Thursday, December 16 – Puerto Morales
I filled a large trash bag during my post-sunrise beach walk; the wind brought more garbage ashore: mismatched shoes, toothbrushes, and other random plastic items, including lot of bottle caps. There was time for lounging, a quesadilla lunch, and short nap before Carrie drove us to Puerto Morales. I went out on a boat to snorkel for a couple hours. My camera battery died shortly after I stepped overboard, and the coral was not healthy, but I loved being in the water. Afterwards, I met Donna and Bo at My Paradise for cocktails. Carrie joined us for dinner, at an interesting seafood restaurant, and then we strolled around enjoying the Christmas lights.
Friday, 16 December – Farewell to the Beach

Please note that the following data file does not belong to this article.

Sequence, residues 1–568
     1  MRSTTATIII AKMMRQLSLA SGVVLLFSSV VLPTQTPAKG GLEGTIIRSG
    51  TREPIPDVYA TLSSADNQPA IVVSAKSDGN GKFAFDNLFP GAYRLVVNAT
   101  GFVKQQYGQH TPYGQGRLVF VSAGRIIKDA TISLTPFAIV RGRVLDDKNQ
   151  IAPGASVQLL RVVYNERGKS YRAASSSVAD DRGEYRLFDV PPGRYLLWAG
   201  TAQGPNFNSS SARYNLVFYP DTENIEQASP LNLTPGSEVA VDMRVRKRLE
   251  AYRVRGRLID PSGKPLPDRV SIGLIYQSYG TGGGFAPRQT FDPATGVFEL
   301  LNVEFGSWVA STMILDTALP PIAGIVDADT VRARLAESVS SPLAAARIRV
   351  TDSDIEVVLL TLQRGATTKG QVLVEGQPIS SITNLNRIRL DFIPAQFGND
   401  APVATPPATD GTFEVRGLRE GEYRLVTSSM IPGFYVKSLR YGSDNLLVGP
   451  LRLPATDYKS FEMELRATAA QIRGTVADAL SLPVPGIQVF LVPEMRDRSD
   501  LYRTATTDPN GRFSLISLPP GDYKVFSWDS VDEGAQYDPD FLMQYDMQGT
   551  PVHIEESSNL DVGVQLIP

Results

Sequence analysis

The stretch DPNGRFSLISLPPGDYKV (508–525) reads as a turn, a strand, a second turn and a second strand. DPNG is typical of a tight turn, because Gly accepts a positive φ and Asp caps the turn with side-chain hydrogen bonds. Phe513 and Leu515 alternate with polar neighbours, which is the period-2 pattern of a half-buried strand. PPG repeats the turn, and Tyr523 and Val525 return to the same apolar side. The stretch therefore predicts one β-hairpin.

The wind was gone when we got up to watch a cloudy sunrise. One last time, I strolled and lounged on the beach, reading and enjoying the setting. When Carrie got up, we went kayaking, which was easy once we dragged our boats past the waves. I fixed another quesadilla lunch, then showered and caught a cab to the airport. Fortunately, I got there in plenty of time and my plane departed on schedule. Donna was not so lucky when she tried to get home a few days later; then the traffic was so bad that she missed her flight and was delayed a whole day. It was 86oF (30oC) when I left the beach. Fortunately, I had socks and layers handy since I arrived home in the middle a cold spell; it was about 38oF (3.3oC) when I got off the Airporter that night in San Rafael. My housemate, Linda, was waiting to pick me up in a warm car.